The old saying, "Records are made to be broken," is not always true.
Some records are so exceptional that there is little or no chance that they will be broken.
Here is a list of the 10 most unbreakable records in college basketball history.
Look through these incredible moments and drink in the excellence!
Tyler Hansbrough made quite a collegiate career by going strong to the basket, getting fouled, going to the line and making his free throws.
Over his four years in Chapel Hill, Hansbrough made 982 free throws. Part of this record is the fact that he played 142 college games. But, the fact that he averaged seven made FTs per game is very impressive.
In a day where more and more players struggle at the line, Hansbrough’s record at the charity stripe seems secure.
Shane Battier was an excellent offensive threat for the Blue Devils, but he made a name for himself by being able to guard just about anyone on the court.
One of his distinctive skills is his ability to take charges. In his four years at Duke, he took 111 charges, which is an official school record (the official college basketball record is unknown). That’s a lot of times of getting hit and hitting the deck. That’s a whole bunch of getting set and hanging in there.
I can’t begin to imagine anyone else even trying to take that many charges during their college career.
The rest of the records on this list are records of excellence and expertise. Northern Illinois set a record this last season for ineptitude.
When the Huskies faced Eastern Michigan, they scored a record low four points in the first half. Four points! The Huskies could not buy a bucket. They shot 1-of-31 from the field, a super-frosty 3.2 percent (also an NCAA record), including a string of 29 straight missed shots.
NIU did not get much better in the second half. They closed out the game shooting 8-of-61 from the field for 13.1 percent, yet another NCAA record.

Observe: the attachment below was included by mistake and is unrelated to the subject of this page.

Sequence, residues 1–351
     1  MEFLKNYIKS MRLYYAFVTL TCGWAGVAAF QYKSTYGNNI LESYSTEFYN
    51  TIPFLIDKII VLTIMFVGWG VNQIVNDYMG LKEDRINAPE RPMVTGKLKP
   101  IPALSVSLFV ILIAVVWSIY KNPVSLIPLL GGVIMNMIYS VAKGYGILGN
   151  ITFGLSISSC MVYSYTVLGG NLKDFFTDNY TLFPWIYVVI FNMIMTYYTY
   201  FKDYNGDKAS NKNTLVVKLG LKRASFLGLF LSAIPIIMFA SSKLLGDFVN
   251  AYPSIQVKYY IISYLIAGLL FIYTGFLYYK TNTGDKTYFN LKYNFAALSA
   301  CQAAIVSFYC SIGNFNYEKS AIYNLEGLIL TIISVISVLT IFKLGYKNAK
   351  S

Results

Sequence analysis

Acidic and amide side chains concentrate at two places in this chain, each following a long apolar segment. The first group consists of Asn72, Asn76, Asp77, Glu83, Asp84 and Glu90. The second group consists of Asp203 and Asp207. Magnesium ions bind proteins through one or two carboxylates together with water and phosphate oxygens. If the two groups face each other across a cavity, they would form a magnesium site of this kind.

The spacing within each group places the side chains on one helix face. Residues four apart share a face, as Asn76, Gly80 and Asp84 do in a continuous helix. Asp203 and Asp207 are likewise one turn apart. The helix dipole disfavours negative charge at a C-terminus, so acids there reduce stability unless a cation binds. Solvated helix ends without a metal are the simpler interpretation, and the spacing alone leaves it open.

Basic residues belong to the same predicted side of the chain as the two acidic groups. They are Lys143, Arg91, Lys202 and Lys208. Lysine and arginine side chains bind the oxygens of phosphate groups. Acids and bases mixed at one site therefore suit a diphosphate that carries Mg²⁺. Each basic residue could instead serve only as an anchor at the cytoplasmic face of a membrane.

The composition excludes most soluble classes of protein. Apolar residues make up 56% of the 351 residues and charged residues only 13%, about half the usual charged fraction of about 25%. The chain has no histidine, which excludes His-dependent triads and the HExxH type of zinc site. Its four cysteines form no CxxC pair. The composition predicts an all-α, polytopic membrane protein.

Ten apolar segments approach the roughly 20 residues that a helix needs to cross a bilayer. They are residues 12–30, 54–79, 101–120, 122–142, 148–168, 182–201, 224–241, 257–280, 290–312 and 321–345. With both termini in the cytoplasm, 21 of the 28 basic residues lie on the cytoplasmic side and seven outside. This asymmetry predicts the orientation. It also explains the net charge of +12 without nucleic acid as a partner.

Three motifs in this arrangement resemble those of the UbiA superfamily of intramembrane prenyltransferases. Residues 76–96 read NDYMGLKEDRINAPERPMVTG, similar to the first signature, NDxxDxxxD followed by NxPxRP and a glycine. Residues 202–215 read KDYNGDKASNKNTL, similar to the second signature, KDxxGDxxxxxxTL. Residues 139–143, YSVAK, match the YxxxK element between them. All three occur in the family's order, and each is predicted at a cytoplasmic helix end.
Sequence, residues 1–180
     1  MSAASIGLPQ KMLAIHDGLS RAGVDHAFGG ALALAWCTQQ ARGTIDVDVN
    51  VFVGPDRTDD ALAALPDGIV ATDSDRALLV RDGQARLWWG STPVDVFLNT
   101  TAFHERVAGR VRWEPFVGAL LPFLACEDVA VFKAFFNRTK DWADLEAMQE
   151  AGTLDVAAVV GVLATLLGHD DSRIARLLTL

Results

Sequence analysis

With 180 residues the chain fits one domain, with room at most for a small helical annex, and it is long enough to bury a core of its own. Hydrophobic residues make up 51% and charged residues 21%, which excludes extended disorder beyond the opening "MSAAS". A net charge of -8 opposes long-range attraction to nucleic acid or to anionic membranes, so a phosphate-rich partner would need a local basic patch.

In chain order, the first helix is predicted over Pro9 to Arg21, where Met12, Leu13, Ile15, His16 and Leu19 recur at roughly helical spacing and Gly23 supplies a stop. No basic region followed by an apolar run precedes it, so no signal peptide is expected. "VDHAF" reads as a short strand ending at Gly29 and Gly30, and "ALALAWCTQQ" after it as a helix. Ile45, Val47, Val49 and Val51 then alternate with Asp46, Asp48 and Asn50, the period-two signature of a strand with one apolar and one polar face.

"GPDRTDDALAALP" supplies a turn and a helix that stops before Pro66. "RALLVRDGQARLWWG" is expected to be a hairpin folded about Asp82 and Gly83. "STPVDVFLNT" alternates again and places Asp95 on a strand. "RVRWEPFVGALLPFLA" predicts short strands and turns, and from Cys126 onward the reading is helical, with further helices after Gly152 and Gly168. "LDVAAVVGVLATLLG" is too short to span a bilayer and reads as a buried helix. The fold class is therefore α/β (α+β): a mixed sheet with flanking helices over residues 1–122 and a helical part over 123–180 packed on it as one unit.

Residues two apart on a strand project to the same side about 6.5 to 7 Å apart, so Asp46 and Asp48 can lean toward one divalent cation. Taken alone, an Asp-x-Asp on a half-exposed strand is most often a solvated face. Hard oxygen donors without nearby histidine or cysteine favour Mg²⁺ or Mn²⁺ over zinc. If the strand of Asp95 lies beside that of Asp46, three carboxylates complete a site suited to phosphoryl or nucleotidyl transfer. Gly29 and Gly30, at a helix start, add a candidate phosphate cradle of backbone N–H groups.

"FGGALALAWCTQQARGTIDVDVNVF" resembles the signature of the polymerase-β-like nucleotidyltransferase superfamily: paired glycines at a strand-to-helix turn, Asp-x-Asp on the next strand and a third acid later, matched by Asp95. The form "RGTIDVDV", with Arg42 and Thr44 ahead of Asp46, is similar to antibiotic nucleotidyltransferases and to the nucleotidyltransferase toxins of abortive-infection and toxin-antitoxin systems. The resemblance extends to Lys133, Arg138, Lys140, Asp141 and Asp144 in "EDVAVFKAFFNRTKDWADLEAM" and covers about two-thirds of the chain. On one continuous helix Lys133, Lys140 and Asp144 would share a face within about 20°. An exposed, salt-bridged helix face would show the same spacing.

Daveon Balls (pictured) was the Huskies’ leading scorer with seven points, all in the final 8:38 of the game.
The opposite of NIU’s futility was Division III Lincoln University’s ridiculous offense superiority.
In December of 2006, LU rolled over Ohio State Marion, 201-78. Lincoln’s point total was an NCAA Division III record. ESPN’s Joseph Santoliquito detailed the other five Division III records that were set in this once-in-a-lifetime game:
Points scored in a half (twice) -- as Lincoln scored 97 points in first half and then 104 in second half; Largest margin of victory (123); Shots made (78); and Shots taken (141).
The previous Division III record for points in a game was a mere 172.
I have never heard any team of any level scoring over 200 points. This one is not getting broken any time soon.
Mickell Gladness may be the least known player on this list, but that does not reduce the impressiveness of his shot-blocking record.
On February 24, 2007, the 6’11" forward threw back 16 Texas Southern shots in one game. This was an incredible moment in an unbelievable shot-blocking season. Mickell averaged 6.3 blocks per game (188 on the season) in 2006-07.
To compare, Kentucky’s Anthony Davis, who was considered a shot-blocking prodigy, blocked 4.7 shots per game, and his high game was eight blocks.
Mookie Blaylock was one of the best all-around collegiate point guards of the 1990s. He was an excellent scorer, an outstanding distributor and a fantastic on-ball defender.
Blaylock’s first-rate athleticism, quick hands and uncanny anticipation helped him to be one of the best thieves in college hoops history. Over his two years as a Sooner, Blaylock registered an impressive 281 steals (3.8 SPG).
In a December, 1987 game against Centenary, he nabbed 13 steals. Almost one year to the day, Blaylock pulled off a repeat performance, pinching 13 additional steals in one game.
Do you an idea how impressive that is?